“To the moon, Alice!” (Ralph Kramden)
I’m recycling a post from a little while back, because it’s on a subject that can never be discussed too many times…
… especially when it’s important that you establish a real, visceral connection with people to make your business work.
In fact, what I’m bring up here is much more critical to creating effective advertising than many of the obvious things people tend to focus on (like “long copy versus shot copy”, or how to test offers).
Listen: If you understand how to use the powerful tool explained below…
… you can screw up almost every other part of creating your ad (or video, or website, or email, or whatever you’re using to get your story across)… and still crush it with results.
So ignore the details in this dusty post (like references to “Six Feet Under”, that great HBO series now long-gone)…
… and know that the insight revealed here will forever be one of the most influential you’ll ever use in marketing.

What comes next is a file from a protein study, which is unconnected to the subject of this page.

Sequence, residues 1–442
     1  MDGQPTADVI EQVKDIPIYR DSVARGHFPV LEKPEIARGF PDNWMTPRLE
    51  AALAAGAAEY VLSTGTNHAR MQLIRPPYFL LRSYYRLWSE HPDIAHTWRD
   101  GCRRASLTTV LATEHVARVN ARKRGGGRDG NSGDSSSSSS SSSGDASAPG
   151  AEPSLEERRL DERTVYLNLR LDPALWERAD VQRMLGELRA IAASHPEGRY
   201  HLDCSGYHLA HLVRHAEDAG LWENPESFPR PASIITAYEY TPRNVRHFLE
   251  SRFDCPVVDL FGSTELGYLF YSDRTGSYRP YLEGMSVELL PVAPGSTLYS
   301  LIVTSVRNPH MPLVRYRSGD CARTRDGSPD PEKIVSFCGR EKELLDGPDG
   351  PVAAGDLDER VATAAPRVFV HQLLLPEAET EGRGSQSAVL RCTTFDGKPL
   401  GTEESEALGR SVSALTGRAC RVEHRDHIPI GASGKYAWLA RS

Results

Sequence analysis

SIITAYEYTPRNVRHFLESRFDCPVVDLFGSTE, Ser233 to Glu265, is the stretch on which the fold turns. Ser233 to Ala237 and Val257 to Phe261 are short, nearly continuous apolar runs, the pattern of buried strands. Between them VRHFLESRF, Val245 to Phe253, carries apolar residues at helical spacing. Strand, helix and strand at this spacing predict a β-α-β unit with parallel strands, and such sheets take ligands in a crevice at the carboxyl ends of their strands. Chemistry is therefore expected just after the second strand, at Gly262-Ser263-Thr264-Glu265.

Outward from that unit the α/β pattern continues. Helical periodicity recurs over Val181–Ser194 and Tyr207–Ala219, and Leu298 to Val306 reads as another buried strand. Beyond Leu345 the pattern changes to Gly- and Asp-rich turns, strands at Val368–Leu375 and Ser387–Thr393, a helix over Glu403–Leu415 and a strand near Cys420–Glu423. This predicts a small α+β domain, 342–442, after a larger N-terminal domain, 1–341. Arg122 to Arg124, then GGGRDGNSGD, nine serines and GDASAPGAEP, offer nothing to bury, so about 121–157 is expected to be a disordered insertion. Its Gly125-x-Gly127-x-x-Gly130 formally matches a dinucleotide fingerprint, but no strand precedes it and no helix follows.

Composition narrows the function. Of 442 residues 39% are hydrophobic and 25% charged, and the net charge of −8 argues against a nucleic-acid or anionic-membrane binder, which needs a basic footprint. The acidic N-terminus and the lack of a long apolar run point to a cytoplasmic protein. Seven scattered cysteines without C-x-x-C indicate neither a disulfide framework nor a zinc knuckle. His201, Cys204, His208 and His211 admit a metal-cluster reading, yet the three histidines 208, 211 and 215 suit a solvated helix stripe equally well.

In fact, it’s just becoming more and MORE important as social media and info-overwhelm continues to nudge everyone toward ADHD-Land, where attention spans are pathetic and fundamental human emotions like empathy wither.
Here’s the post (with a few edits and some added stuff):
Jeez Louise. Did you catch Sunday’s episode of “Six Feet Under”, with the jarring funeral scenes?
It was… shattering.
I was jarred back to every funeral I’d ever attended, and had emotions wrung out of me I’d long forgotten about.
Screw reality TV. The truly well-written fictional shows (most of them on HBO) can still rattle your cage like classic literature.
That episode was quality emotional-wringing.
Got me thinking, too. About empathy. And writing.
I’ve known people who seem to have shut down their empathy gears… and it becomes evident when they lose the ability to get outside of themselves and see the world from other people’s viewpoint. Movies require you to emotionally connect with the characters…
… and I recall uncles who fell asleep during the pea-soup-spewing scenes in “The Exorcist”…Continue reading